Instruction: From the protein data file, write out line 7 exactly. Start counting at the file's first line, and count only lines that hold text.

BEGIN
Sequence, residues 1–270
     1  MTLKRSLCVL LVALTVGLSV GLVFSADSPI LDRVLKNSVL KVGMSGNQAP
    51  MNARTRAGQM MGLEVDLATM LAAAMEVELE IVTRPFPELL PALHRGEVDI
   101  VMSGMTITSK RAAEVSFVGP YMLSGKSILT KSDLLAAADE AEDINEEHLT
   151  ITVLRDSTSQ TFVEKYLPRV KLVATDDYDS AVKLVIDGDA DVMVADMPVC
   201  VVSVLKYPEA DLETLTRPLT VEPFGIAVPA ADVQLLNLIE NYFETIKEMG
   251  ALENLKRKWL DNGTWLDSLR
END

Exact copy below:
   251  ALENLKRKWL DNGTWLDSLR